Strategic investments to upgrade APU’s classroom technology—including ceiling-mounted HD cameras and specialized video conferencing soundbars—enable professors to safely go into their classrooms to use the new technology for live and recorded instruction. And ITT is supporting them so they can maximize Canvas, the virtual classroom, for all courses.

Faculty are working to make all course materials, quizzes, assignments, assessments, and activities accessible through Canvas. “This is good news for students because they are now afforded access—anytime, anywhere, and on any device—to learning in ways they may not have before,” Truong said.

Zoom and Google Meet are integrated into Canvas, as are online exam security and proctoring services like Respondus LockDown Browser and Monitor.

ITT has been offering weekly webinars, on-demand resources, and individual/group consultations to support APU faculty in their transition to remote-hybrid teaching.

“As faculty, we always strive to create the optimal conditions for learning in our classes. It’s no different this fall, we just have a different space to adapt to,” Lafreniere said.

Preparing Students to Adapt in Their Careers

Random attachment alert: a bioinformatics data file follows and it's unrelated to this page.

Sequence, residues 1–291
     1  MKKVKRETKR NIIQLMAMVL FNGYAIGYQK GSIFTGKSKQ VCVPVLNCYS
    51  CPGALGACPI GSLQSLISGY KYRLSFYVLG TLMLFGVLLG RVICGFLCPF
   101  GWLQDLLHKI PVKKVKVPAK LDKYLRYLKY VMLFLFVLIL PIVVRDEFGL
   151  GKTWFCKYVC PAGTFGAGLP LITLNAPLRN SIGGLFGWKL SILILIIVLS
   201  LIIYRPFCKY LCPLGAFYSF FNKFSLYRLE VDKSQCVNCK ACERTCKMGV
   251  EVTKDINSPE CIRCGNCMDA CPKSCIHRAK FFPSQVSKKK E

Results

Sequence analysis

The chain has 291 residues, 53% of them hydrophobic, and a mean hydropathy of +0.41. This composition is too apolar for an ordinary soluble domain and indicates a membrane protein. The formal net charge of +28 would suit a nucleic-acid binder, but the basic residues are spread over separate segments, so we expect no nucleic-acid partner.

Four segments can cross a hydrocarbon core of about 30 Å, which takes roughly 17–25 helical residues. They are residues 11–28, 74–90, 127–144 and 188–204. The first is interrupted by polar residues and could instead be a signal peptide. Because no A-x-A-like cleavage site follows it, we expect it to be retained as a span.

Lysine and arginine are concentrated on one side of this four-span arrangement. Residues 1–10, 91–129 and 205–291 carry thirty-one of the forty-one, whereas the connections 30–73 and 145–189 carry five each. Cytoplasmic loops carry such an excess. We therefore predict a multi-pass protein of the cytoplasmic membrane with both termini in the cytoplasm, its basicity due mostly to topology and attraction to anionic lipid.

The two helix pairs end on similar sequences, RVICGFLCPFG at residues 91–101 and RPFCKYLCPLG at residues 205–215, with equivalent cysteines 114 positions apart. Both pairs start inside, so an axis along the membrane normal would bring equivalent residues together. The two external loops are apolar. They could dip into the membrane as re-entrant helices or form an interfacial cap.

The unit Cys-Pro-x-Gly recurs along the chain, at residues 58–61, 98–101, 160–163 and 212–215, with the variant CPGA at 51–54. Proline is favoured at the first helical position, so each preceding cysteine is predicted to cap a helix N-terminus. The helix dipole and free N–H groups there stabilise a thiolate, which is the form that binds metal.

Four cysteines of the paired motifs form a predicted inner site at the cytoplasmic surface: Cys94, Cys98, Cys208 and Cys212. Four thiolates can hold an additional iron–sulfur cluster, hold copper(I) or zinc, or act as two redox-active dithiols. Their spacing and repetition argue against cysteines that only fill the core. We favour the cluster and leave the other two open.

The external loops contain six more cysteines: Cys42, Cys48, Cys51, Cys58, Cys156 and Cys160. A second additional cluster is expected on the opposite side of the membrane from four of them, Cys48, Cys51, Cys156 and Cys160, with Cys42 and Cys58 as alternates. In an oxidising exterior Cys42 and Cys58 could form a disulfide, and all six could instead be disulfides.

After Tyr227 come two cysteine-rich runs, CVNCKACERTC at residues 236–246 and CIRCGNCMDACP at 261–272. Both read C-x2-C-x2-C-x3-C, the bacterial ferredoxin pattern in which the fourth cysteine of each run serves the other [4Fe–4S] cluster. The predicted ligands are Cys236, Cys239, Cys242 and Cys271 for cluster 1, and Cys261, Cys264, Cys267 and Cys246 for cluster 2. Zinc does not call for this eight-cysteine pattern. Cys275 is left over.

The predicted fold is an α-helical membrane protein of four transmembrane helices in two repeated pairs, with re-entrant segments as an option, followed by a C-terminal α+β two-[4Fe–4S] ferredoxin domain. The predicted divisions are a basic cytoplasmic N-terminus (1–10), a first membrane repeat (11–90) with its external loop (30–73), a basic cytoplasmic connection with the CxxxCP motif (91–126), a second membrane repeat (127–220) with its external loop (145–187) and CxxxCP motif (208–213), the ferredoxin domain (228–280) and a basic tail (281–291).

While students may be coping with the reality that their fall learning experience will be different than what they expected, Lafreniere points to some silver-lining benefits. “We know disruptors will happen in students’ careers,” she said. “Experiencing these challenges now has the potential to increase their capacity for resilience, adaptability, and innovation in the long term. We encourage students to embrace the value and opportunities that can come from these disruptors.”

Building a Strong Future

The changes taking place at APU and across higher education in response to the pandemic are likely to have a lasting—and largely positive—effect going forward. “Online learning and other forms of technology-enhanced learning are here to stay,” said Truong. “Institutions and faculty who are actively leveling up their knowledge, skills, and abilities to function in this new world will be the ones who will thrive.”

Visit Destination APU: Remote Learning Together This Fall to stay updated on the latest university announcements.